On August 10, Wolf Patrol citizen monitors began visiting sites where federally protected gray wolves have clashed with bear hounds during Wisconsin’s 2018 summer bear hound training season. So far, ten deadly fights have been reported since training season began on July 1st. Six bear hounds have been killed and eight injured.
Because a license is no longer required to bait for bear or train hunting dogs to chase them during the summer training season, Wisconsin’s Department of Natural Resources (WDNR) doesn’t know how many bear baits are used by hunters or how many dogs are chasing bears in Wisconsin, mostly on county, state and national forest lands.
But WDNR, bear hunters and Wolf Patrol all know that almost all conflicts between bear hounds and wolves during the training season occur in areas with a high density of bear baits and hound training activity. Intentionally baiting for bears also attracts wolves, who have been documented this summer feeding from bear baits in northern Wisconsin: https://www.youtube.com/watch?v=IrlIlGGYdQM&t=8s
Running hounds from and near bait sites after bears have become conditioned to feeding from them, also means wolves will view the hounds as trespassers in their feeding grounds, and attack the often young and unsuspecting bear hounds. In addition, Wisconsin’s summer training season happens when wolves are taking young pups away from their dens for the first time and are protective and territorial to packs of loose dogs running through these wolf “rendezvous areas”.
On August 11, Wolf Patrol monitors visited the site where wolves killed a 9-month old bear hound on July 29, 2018 in Sawyer County, Wisconsin and found four active bear baits in the Wolf Caution Area, two of which were out of compliance with WDNR bear baiting regulations.
Later the same morning, WP monitors visited the site where wolves injured an 8-year old bear hound on July 28, 2018 in Douglas County, Wisconsin and found two more active bear baits in the Wolf Caution Area, both of which were out of compliance with WDNR bear baiting regulations.
On August 12, WP monitors visited the site where wolves injured a 4-year old bear hound on July 29, 2018 in Burnett County, Wisconsin and found four active bear baits in the Wolf Caution Area, three of which were out of compliance with WDNR bear baiting regulations.
Wolf Patrol is certain that its monitors did not find all the bear baits out of compliance in these three particular WDNR designated Wolf Caution Areas. But as we have documented in past bear hound training seasons, hound hunters who don’t care about dogs being killed, are more likely to also not observe Wisconsin’s minimal requirements for bear baiting.
Whether in compliance with baiting regulations or not, there is still undeniable evidence that summer bear baiting and bear hound training activity is the cause for the annual violent conflict between wolves and hunting dogs in Wisconsin.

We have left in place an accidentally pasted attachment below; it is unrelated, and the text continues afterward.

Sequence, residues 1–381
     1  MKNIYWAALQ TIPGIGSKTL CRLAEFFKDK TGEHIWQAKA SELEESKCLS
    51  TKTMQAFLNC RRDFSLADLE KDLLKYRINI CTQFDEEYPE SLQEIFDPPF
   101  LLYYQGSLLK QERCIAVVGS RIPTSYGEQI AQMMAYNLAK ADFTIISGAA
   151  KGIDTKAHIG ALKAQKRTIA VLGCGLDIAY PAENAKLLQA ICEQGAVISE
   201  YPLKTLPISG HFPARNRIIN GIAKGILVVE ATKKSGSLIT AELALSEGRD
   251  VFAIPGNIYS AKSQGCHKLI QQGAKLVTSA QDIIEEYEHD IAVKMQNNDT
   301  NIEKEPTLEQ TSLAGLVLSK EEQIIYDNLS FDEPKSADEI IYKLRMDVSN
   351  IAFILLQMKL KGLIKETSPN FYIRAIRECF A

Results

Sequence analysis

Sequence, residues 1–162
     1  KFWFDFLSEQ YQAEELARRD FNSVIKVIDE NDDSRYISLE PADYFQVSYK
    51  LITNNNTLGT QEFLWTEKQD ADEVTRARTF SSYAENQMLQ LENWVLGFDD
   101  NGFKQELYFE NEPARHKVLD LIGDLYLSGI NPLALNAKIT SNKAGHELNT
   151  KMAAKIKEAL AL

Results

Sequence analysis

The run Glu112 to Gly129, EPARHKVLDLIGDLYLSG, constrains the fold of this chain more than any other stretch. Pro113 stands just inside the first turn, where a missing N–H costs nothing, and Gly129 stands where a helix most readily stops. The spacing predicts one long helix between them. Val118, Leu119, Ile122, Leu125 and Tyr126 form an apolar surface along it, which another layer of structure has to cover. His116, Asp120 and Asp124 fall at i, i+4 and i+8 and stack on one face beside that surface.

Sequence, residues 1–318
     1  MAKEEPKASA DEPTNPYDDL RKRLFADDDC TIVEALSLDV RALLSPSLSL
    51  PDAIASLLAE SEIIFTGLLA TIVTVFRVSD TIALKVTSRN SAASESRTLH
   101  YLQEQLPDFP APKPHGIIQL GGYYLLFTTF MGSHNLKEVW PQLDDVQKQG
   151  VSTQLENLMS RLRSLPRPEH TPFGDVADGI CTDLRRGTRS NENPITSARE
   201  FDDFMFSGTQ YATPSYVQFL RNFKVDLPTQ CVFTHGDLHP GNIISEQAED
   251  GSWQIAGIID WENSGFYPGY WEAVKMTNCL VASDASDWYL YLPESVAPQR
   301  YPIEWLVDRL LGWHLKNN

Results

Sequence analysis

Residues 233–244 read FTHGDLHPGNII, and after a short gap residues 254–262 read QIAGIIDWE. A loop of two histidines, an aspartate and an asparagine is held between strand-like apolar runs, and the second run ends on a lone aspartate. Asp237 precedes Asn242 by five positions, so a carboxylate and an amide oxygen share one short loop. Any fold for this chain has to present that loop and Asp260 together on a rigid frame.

THE FOLLOWING IS THE ACTUAL WOLF PATROL REPORT FILED WITH WDNR’S VIOLATOR HOTLINE 08/14/18:
On my recent drive over this past weekend (08/10-12/18) through WDNR designated wolf caution areas, I found six active bear baits that I believe are out of compliance with the requirement to be at least 50 yards from public roads. All the baits were measured from the established public roads we were driving on when we found the baits in county forest lands.
I was in these areas as a matter of interest, to document active bear baiting and hound training continuing in wolf caution areas. I was only in all of these areas for a very short time and am sure I would have found more baits out of compliance had I had the time to look. I wanted to visit all the existing wolf caution areas in Oneida, Sawyer, Douglas, Burnett and Bayfield counties, so only was at each for a couple hours.
Nonetheless, I believe its likely that whoever is responsible for these baits reported, might also have other baits in these areas out of compliance, based on their not adhering to the 50 yard limit. Its of great concern to me that such a disregard for minimal regulation is taking place in areas that the DNR is already instructing hunters to use caution. Anyhow, thanks for your service!
If any of your CO’s have any questions, they are welcome to email or phone me at: XXX XXX XXXX.
Sawyer County baits out of compliance are south of the town of Winter, and off County Road W, just West of Tower Road, on the first open gated road on the south:
1.) 45 46′ 1″ N 90 56′ 13″ W
100 feet from the road.
2.) 45 44′ 42″ N 90 57′ 52″ W
60 feet from the road.
Douglas County bait out of compliance is in West of Gordon, off of South Mail Road and off unmarked Arnold Road:
1.) 46 16′ 38″ N 91 56′ 36″ W
30 feet from the road.
Burnett County bear baits out of compliance are south of Grantsburg, and south of the intersection of County Road O and Johnson Road:
1.) 45 40′ 43″ N 92 47′ 59″ W
33 feet from the road.
2.) 45 40′ 13″ N 92 48′ 17″ W
90 feet from the road.
3.) 45 39′ 41″ 92 48′ 54″ W
32 feet from the road.